A MESSAGE FROM INTEL
In a few years, we may be largely living “on the edge.” As the amount of data grows exponentially, there is a greater need for edge computing solutions to aid in real-time decision-making.
People are talking
While everyone’s talking about Austin and Miami, Recursion’s Heather Kirby said she wants to bring the best people to Toronto:
- “It is infinitely easier to bring that kind of talent into Canada. A lot of companies have given up on immigration in the U.S. There are limits to what’s possible.”
Australia is planning new laws on misinformation, Communications Minister Paul Fletcher said, with much more enforcement power:
- “Digital platforms must take responsibility for what is on their sites and take action when harmful or misleading content appears.”
Coming this week
GDC starts today at the Moscone Center in San Francisco.
Domopalooza begins tomorrow and will address topics such as using data to predict hiring trends and the evolution of business intelligence.
Intel and Micron’s CEOs will testify before the Senate Commerce Committee on Wednesday.
Hands In 2022 is Thursday. It’s Virbela’s first summit about the ways companies are working in the metaverse.
In other news
Uber’s insurance coverage can become a nightmare. One passenger, who lost his health, job and home after a crash in an Uber, is taking the company to court, claiming Uber should take more responsibility for passengers’ safety.
Brazil dropped its ban on Telegram, after the company agreed to remove contents and accounts that the country’s government found objectionable. It also made other Brazil-specific changes regarding misinformation.
The Bobs running Disney are having a rough time. CNBC found that Iger and Chapek barely speak, despite public perceptions that they’re effectively running the company together, and are often at odds over the company’s future.
Instacart is adding a temporary gas surcharge in the next few days, following Uber and Lyft.
A judge tossed out a lawsuit against Amazon in Washington, D.C., that accused the company of inflating prices for consumers, saying the lawsuit lacked evidence.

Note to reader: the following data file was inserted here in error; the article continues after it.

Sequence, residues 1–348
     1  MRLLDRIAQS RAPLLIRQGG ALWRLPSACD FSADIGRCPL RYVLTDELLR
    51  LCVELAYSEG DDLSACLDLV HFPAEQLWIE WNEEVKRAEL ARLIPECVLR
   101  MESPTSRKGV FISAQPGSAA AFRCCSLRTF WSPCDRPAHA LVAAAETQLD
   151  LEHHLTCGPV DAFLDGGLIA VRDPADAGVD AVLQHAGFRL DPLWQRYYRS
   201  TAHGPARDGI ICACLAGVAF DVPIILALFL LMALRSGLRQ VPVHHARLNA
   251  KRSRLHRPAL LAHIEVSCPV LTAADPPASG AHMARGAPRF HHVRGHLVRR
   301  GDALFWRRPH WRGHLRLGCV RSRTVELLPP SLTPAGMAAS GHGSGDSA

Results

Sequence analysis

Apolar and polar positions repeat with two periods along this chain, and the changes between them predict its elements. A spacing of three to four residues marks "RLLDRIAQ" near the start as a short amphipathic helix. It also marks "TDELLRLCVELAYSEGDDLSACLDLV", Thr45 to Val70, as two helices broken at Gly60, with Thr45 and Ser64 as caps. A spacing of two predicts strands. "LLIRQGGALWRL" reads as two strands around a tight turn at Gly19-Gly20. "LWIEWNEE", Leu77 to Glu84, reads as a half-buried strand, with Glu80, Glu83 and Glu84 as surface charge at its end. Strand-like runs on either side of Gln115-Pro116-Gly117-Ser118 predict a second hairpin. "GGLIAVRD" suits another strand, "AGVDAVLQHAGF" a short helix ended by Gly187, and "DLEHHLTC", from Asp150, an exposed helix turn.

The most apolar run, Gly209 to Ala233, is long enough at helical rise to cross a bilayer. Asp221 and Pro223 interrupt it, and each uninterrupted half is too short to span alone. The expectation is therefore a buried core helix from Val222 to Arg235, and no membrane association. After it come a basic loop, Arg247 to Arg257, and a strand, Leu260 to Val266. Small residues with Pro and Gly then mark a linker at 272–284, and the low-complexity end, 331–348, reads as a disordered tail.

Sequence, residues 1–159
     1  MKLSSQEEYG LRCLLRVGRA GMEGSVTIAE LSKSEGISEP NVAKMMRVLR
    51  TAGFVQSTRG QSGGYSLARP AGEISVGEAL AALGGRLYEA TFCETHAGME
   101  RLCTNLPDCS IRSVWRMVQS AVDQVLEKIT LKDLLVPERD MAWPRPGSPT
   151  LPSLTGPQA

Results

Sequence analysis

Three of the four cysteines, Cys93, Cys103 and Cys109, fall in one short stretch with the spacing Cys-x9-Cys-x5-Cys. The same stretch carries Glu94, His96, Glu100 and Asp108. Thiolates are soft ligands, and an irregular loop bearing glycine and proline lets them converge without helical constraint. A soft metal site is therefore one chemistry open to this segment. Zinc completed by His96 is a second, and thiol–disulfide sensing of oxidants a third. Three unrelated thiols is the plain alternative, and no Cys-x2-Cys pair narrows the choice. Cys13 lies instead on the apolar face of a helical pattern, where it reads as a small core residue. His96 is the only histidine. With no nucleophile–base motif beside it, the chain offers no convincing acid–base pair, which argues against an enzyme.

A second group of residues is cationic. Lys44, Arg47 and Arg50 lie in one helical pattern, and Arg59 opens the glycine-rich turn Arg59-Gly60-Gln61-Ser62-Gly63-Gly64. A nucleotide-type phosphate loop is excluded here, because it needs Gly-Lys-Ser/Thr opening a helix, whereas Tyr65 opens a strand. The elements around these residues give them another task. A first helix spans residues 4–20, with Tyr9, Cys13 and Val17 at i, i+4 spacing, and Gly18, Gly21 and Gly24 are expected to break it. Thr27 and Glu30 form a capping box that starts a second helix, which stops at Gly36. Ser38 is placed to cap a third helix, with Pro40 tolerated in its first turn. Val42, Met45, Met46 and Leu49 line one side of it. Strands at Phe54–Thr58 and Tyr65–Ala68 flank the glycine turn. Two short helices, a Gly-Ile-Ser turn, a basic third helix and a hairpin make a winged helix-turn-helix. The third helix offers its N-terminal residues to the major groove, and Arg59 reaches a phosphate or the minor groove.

Porsche has new EV goals. The company wants 80% of global sales to be electric by the end of the decade and plans to build its own charging network.
Rachel Tobin joined Netlify as its first VP of Legal. Tobin’s been a lawyer for Zendesk for several years.
Are we ready to get real on social media?
Last year, there was a small push on Instagram to make the app “casual again.” The idea was to encourage users to post more authentically, but it didn’t really pan out. But with new photo-sharing app BeReal, being “casual” is the point.
BeReal lets users post once at a random time each day, but they can’t choose the time. The app sends out a notification, giving users two minutes to snap a pic. The app has become popular on college campuses, which is great for BeReal: If students stick with the app and share with their friends, they could push it into the mainstream.
A MESSAGE FROM INTEL
As a form of distributed computing, edge computing enables processing to happen where data is being generated. The convergence of 5G networks with edge computing means data is not only traveling faster, but can be quickly translated via media, inferencing and analytics into insights and action, enabling new, ultra-low latency applications to come to life.